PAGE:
From New York to Perry County to Collinsville

When Holy Cross Lutheran Church began in 1848, there were five families who were involved in its organization.  Two of those five families had connections to Perry County.  Those two were the Fischer and Grass families.  Before I was done rounding up information about those two, I managed to find a few other Perry County people who were involved at a very early time in that congregation.

All of the people I found who ended up in Collinsville were originally part of the New York Group that had immigrated to America prior to 1839 and went on to join the Gesellschaft in Perry County.  This group arrived by way of steamboat a short time before Rev. Martin Stephan was sent into exile across the river into Illinois.  Many of the members of the New York Group did not remain in Perry County for very long.  Quite a few of them went up to St. Louis and became members of Old Trinity Lutheran Church.

One of the founders of Holy Cross, Collinsville was Johann Jacob Fischer.  His wife was Maria Catherine (Furch).  Jacob was a blacksmith.  This couple had several children who were baptized at Trinity Lutheran Church in Altenburg, Missouri.  The last of these was born in 1847.  It must have been right after the birth of that child that the Fischers moved to Collinsville.  Here is the baptism record of Joseph Conrad Fischer from August of 1839.

Baptism records – Trinity, Altenburg

It is interesting to note that right under the Fischer baptism record is the record for Johann Conrad Kalbfleisch, the son of Conrad Kalbfleisch, who was a sponsor for the Fischer baby.  Conrad was also a member of the New York Group and he ended up being buried in the same cemetery as Jacob Fischer in Collinsville.  Conrad’s wife was also a Furch, which means that quite likely, Conrad and Jacob were married to sisters.

Here is a photo of the Fischer gravestone in the Old Lutheran Cemetery in Collinsville.


Here is Conrad Kalbfleisch’s gravestone in the same cemetery.


The other founding father at Holy Cross with connections to Perry County was Christian Grass and his wife Anne. This couple had a child by the name of Christiane who was born in December of 1838, probably in New York, but was not baptized until July of 1839 in Perry County.  Here is her baptism record.

Baptism record – Trinity, Altenburg

Rev. Gotthold Loeber wrote these records, but he may not have conducted the baptism.  This baptism probably took place in the Dresden area in Perry County and may have been conducted by either Rev. C.F.W. Walther or Rev. Ortel, who came with the New York Group.  Rev. Ortel did not remain in Perry County for very long.

The Grass family had arrived in New York in 1836.  I think this may be the record of their arrival on a passenger list for the ship, Henrietta. 


After a short time in Perry County, the Grass family can be found in plenty of records at Old Trinity in St. Louis.  The last of those records is the baptism of one of their children in the early part of 1848.  It was the end of 1848 that Holy Cross had its beginning.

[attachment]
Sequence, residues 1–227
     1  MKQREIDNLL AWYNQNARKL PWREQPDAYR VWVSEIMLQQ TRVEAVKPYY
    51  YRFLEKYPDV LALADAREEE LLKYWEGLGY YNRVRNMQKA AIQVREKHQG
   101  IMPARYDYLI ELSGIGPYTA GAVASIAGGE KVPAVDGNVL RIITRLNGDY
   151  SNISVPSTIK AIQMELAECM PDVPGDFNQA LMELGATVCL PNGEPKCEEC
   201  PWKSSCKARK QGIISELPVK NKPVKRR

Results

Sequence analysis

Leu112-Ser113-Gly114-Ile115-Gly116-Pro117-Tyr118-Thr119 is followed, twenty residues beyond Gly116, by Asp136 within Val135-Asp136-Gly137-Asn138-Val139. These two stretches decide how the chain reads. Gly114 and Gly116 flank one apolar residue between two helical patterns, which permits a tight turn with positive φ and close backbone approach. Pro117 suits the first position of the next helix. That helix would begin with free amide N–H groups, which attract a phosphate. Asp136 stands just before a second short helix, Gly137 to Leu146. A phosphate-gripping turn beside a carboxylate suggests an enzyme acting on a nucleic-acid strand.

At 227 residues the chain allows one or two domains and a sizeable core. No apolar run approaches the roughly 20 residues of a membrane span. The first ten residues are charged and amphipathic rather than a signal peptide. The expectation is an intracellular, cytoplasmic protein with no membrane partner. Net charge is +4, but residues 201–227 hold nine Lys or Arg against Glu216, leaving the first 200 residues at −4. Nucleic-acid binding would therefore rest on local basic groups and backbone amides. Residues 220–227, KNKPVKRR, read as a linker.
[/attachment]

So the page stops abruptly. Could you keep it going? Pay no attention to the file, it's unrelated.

Another name that is included in the New York Group was Mathias Niedenberger.  Although he is not named as a founder of Holy Cross, we do find him buried in their Old Lutheran Cemetery.  Mathias was also a member of Old Trinity before moving to Collinsville.


There is also a J.E. Kluge buried in the Old Lutheran Cemetery in Collinsville.  He may or may not be the same person just called Kluge in the New York Group.

All of these names become intertwined when you look at the sponsor lists when their children are baptized.  It seems their friendships and loyalties started back in New York before the traveled to Perry County.  There is also an interesting name listed as a sponsor for one of the children…..Mrs. Friedrich Sproede.  Friedrich Sproede became well-known for his opposition to the leadership of Rev. C.F.W. Walther.  Rev. Walther even lived for a short time under the same roof as Mr. Sproede, who was also part of the New York Group.  The story is told that he kicked C.F.W. out of his house.  After Rev. Walther moved to Old Trinity in St. Louis, Friedrich Sproede followed him there.  It is even recorded that he went there with the express purpose to cause trouble.  After a voters meeting at Old Trinity where Mr. Sproede lost his temper, he is said to have gone home, sat in his chair, and died on the spot.

Holy Cross Lutheran Church was started by Rev. Friedrich Lochner.  He, too, had a Perry County connection.  He had married Lydia Buenger at Old Trinity in 1846.  For a short time the Buenger family had lived in Perry County before moving to St. Louis.  I wonder if Rev. Lochner may have convinced some Old Trinity members to come across the river to help form a new congregation in Collinsville.  It will not be long before Holy Cross will get to celebrate their 175th anniversary.  When they do, they can look back and see some of their ties to good old Perry County……and to New York.


One thought on “From New York to Perry County to Collinsville

  1. I am a descendant of Heinrich Drenkhahn. Most of your information is correct. However many came into the U.S. in 1839 on one of 5 ships thru the port of New Orleans & migrated to Perry Co. MO & later to Collinsville, IL. Heinrich carved the first altar at the original church & it remains in the New Holy Cross Church. In 1849, the Drenkhahn family was wiped out by cholera, except for 2 boys. One was our 4X great granps Gustoff and he was 2 in 1850. 2 families adopted the boys. The Fisher & the Winter families. Here is a ship manifest showing their families voyages from Germany to New Orleans.

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